2.5. Enzymatic Determinations

Catalase (CAT) activity in plasma and PBMCs was measured by the spectrophotometric method of Aebi [38]. Superoxide dismutase (SOD) activity was measured in plasma and PBMCs by an adaptation of the method of McCord and Fridovich [39]. Glutathione reductase (GRd) activity was measured in PBMCs by a modification of the Goldberg and Spooner spectrophotometric method [40]. Glutathione peroxidase (GPx) activity was determined using an adaptation of the spectrophotometric method of Flohé and Gunzler [41]. All activities were estimated in PBMCs and/or plasma samples with a Shimadzu UV-2100 spectrophotometer (Shimadzu Corporation, Kyoto, Japan) at 37 °C.

2.6. SDS-Polyacrylamide Gel Electrophoresis and Western Blot Analysis

Antioxidant protein levels in PBMCs were determined by Western blot analysis. Twenty-microgram protein aliquots were loaded in each lane of an sodium dodecyl sulfate (SDS) polyacrylamide gel (15% acrylamide) and electrophoresed by molecular weight at 200 V for 90 min. Bands were electrotransferred onto a nitrocellulose membrane by using Trans-Blot® Turbo™ Transfer System (Bio-Rad, Segrate, Milan, Italy). The membrane was blocked (5% non-fat powdered milk in PBS, pH 7.5, containing 0.1% Tween 20) for 5 h and incubated with the corresponding primary monoclonal antibody. Antibodies anti-catalase (CAT) (1:1000, rabbit), Mn superoxide dismutase (MnSOD) (1:1000, mouse), glutathione reductase (GRd) (1:1000, mouse), glutathione peroxidase (GPx) (1:200, mouse), thioredoxin reductase 1 (TrxR1) (1:200, goat) and uncoupling protein 3 (UCP3) (1:500, mouse) were supplied by Santa Cruz Biotechnology (Santa Cruz, CA, USA). Blots were then incubated with a secondary peroxidase-conjugated antibody (1:10,000) against specific primary antibody. Development of immunoblots was performed using an enhanced chemiluminescence kit (Immun-Star® Western C® Kit reagent, Bio-Rad Laboratories, Hercules, CA, USA). Protein bands were visualized using the image analysis program Quantity One (Bio-Rad). Precision Plus Protein Kaleidoscope™ (Bio-Rad) was used as a molecular weight marker.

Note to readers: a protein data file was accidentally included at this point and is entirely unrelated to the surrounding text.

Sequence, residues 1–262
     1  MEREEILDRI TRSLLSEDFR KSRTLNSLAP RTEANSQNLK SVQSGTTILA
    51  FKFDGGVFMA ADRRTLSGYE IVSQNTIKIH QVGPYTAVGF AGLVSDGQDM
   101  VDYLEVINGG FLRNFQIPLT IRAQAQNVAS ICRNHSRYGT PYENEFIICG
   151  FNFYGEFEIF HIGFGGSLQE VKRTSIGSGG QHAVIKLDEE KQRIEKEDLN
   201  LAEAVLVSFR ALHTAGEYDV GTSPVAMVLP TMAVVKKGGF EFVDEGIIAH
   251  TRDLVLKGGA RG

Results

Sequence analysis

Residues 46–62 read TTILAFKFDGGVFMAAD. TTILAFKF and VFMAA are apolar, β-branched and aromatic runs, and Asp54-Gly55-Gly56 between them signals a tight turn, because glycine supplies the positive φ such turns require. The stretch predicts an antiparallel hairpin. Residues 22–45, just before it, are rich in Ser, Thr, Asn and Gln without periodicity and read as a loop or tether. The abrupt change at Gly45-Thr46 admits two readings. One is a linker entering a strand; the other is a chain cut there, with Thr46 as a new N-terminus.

2.7. Malondialdehyde Assay

Malondialdehyde (MDA) concentration (µM), as a marker of lipid peroxidation, was analyzed in plasma by a colorimetric assay kit (Sigma-Aldrich Merck®, St. Louis, MO, USA) following the manufacturer’s instructions. The method used is specific for MDA determination and is based on the reaction of MDA with a chromogenic reagent to yield a stable chromophore with maximal absorbance at 586 nm. Briefly, plasma samples or standards were placed in glass tubes containing n-methyl-2-phenylindole (10.3 mM) in acetonitrile: methanol (3:1). HCl 12N was added and the samples were incubated for 1 h at 45 °C. The absorbance was measured at 586 nm. MDA concentration was calculated using a standard curve of known concentration.

2.8. Protein Carbonyls and Nitrotyrosine Determination

Protein carbonyl derivatives and nitrotyrosine (Nitro-Tyr) levels were determined in PBMCs by an immunological method using the OxyBlotTM Protein Oxidation Detection Kit (Chemicon International Inc, Katy, TX, USA) following the manufacturer’s instructions. Total protein concentrations were measured by the method of Bradford [42]. Initially, samples (10 µg or 150 µg of protein for carbonyl or nitrotyrosine, respectively) were transferred onto a nitrocellulose membrane by the method of dot-blot using a Bio-Dot® Microfiltration Apparatus (Bio-Rad, Segrate, Milan, Italy). For carbonyl determination, the membrane was incubated in the presence of 2,4-dinitrophenylhydrazine (DNPH) after transference. Once derivatized, the membrane was incubated with the primary antibody, specific to DNP moiety proteins in the case of carbonyl determination or rabbit anti-nitrotyrosine antibody for nitrotyrosine determination. This step was followed by incubation with horseradish peroxidase-antibody (goat anti-rabbit IgG) conjugate directed against the primary antibody. The membrane was then treated with luminol, which is converted into a light-emitting form at wavelength 428 nm by the antigen/primary-antibody/secondary-antibody/peroxidase complex. The light was visualized and detected by short exposure to a Molecular Imager Chemidoc XRS (Bio-Rad, Segrate, Milan, Italy). Image analysis was performed using Quantity One-1D analysis software (Bio-Rad, Segrate, Milan, Italy).

2.9. Statistical Analysis